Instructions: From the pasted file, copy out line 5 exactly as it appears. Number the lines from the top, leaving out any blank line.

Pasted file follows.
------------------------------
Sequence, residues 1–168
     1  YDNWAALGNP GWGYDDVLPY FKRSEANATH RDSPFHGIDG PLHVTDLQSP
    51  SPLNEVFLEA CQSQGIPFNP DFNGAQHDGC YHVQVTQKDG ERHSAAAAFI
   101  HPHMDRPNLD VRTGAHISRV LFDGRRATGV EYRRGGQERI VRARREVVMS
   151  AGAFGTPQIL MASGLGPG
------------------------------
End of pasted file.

   151  AGAFGTPQIL MASGLGPG